I’ve been around long enough to know about some of the lesser-known cards. These are the credit cards that might not be highly publicized but are the ones that punch way above their weight. If you’re into fantasy sports, these are the players you pick up at a bargain price and deliver for you week after week. The football player who gets 80 yds a week or the hockey player with 1-2 assists a game but doesn’t score many goals.
There are credit cards that fall into this category. I’d consider them 2nd or 3rd tier cards but for some people, these cards can be a core part of their strategy. Unfortunately, some of these cards can be difficult to acquire. To be honest, the fact that they limit the number of people able to get their cards may be why they’re able to provide above-average benefits.
My first experience with trying to get a difficult to acquire card was the CNB Crystal Infinite. The benefits of the card approached legendary. If you were able to get one and had several authorized users, it was possible to earn hundreds of dollars each year from the card before you even used it. It was to the point where I was in New York City just blocks from a branch and ready to walk in to apply for a card. The only thing that stopped me was an even better upgrade offer for the AMEX Bonvoy Brilliant card.
In retrospect, this was a truly fortuitous experience. Not only because we were able to score a large value from the Marriott card, but also because not long after this CNB bank massively devalued their Crystal Visa card.
So I wasn’t surprised when I lost the signal on another card on my radar. According to Doctor of Credit and Frequent Miler, the US Bank Altitude Reserve card is no longer open to new applications. There’s a rumor that the card will be relaunched with a new look (and possibly new benefits) but that’s all the news at this time.
Like all cards that fly under the radar, the Altitude Reserve had one killer app, the thing that makes it different from every other card. It offered 3x points for all mobile payments (Google Pay, Apple Pay). So if you shopped at Costco and paid with your phone using your Altitude Reserve card, you’d earn 3x points. Same for charges at your car repair shop, hairdresser, doctor or anywhere else that takes mobile payments.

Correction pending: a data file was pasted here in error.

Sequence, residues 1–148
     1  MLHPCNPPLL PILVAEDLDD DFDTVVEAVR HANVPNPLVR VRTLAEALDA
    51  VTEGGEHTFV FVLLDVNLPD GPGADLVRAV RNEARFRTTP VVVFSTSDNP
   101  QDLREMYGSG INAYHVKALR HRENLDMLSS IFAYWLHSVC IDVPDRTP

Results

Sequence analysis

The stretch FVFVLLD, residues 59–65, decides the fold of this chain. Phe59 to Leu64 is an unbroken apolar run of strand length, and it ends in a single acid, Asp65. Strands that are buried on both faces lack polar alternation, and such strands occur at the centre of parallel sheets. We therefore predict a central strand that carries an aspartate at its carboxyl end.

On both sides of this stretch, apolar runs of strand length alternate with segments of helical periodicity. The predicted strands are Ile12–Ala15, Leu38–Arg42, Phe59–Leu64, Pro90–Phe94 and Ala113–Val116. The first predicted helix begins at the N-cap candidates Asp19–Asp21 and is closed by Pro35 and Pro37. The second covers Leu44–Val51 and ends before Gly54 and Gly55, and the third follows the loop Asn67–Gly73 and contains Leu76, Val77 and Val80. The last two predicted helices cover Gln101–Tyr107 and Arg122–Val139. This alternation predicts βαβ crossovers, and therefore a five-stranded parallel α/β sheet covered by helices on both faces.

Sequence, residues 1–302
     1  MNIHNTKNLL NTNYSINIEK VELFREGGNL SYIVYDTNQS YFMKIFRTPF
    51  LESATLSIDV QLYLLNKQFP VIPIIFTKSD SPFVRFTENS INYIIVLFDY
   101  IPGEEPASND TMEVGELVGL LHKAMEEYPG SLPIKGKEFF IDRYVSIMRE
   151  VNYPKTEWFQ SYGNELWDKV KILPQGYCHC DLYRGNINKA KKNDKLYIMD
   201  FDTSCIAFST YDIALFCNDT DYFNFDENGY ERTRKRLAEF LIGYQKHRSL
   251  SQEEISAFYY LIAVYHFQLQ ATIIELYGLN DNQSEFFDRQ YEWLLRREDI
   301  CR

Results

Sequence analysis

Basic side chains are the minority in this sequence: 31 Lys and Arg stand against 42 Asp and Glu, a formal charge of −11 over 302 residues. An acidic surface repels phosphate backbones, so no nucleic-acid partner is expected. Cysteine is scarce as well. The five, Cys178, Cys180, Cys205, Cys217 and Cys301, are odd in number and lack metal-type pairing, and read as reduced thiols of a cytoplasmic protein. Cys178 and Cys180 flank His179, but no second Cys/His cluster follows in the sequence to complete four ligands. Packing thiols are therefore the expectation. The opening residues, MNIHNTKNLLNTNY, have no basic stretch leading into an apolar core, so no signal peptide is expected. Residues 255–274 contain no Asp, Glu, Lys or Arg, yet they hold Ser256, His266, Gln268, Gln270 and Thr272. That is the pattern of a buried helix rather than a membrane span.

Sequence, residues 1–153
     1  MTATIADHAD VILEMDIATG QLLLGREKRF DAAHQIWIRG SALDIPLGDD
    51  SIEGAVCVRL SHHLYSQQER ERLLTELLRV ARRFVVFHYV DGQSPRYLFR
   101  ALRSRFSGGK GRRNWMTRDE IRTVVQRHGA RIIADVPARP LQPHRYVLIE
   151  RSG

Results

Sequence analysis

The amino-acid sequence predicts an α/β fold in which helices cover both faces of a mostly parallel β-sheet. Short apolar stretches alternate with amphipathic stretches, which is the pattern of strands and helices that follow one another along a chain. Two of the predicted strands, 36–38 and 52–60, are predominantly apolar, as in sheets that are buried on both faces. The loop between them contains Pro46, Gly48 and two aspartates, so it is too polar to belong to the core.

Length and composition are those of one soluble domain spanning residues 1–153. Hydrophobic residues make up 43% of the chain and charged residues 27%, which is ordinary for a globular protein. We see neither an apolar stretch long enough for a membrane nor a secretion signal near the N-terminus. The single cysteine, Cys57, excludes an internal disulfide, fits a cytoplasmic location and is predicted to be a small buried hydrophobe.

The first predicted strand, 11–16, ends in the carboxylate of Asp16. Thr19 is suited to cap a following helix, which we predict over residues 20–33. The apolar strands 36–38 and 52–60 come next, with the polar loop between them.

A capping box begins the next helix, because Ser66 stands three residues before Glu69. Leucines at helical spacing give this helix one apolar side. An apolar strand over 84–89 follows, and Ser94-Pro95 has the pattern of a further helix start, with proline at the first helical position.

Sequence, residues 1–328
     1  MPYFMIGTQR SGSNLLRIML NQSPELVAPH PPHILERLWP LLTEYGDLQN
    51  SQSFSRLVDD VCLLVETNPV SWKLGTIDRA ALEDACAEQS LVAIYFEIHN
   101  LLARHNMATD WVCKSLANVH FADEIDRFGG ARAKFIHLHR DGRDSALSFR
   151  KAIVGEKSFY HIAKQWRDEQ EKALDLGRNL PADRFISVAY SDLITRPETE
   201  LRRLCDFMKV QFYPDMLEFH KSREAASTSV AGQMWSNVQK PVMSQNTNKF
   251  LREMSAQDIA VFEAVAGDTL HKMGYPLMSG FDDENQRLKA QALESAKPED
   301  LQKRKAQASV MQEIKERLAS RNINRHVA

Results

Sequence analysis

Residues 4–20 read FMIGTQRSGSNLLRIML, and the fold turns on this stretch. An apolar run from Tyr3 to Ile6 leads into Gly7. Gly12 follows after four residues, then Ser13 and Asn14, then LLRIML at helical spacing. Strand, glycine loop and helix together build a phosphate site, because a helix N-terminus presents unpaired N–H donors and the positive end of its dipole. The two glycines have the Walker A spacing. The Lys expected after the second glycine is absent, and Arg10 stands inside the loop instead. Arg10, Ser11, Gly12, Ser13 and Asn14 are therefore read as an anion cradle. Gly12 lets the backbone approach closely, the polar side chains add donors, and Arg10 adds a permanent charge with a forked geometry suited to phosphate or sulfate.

The hitch for the card was that US Bank would only approve applications from current customers of the bank. That meant you either had to have another US Bank credit card or have a banking relationship with them (savings or checking account.).
Besides the Radisson Rewards credit card, there weren’t any other US bank cards I’d want and the value of that card disappeared when they did away with the free night on award bookings. As for a banking relationship, I live in Florida. For those who live in the upper Midwest, US Bank is a major player and there’s a good chance you already deal with them. I’d have to go out of my way to open an account, fund it, and keep it active, just for the chance to open a credit card.
I just didn’t think it was worth it for the chance to apply for the Altitude Reserve.
I’m sure there are those of you out there who think I’m crazy because I didn’t want to take some time to get a great card. At the same time, there’s a group of people who think the first group of people are insane.
As far as I’m concerned, I understand both sides of this argument. For people who have the time and knowledge to put the effort into getting the card and maximizing its benefits, I’m in awe of your dedication. For those who think this is all crazy, I get how seeing what those on the obsessive side are willing to do to maximize points earnings just is inconceivable.
I place myself firmly in the space between both camps. I know the value of the card but I’m unwilling to make the effort required to get the card and maximize the possible value. I’ve made peace with I’m not going to earn EVERY MILE that’s out there. I might only get 2x cashback instead of 3x points and that’s OK.
But that’s me. Your Mileage May Vary.
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This post first appeared on Your Mileage May Vary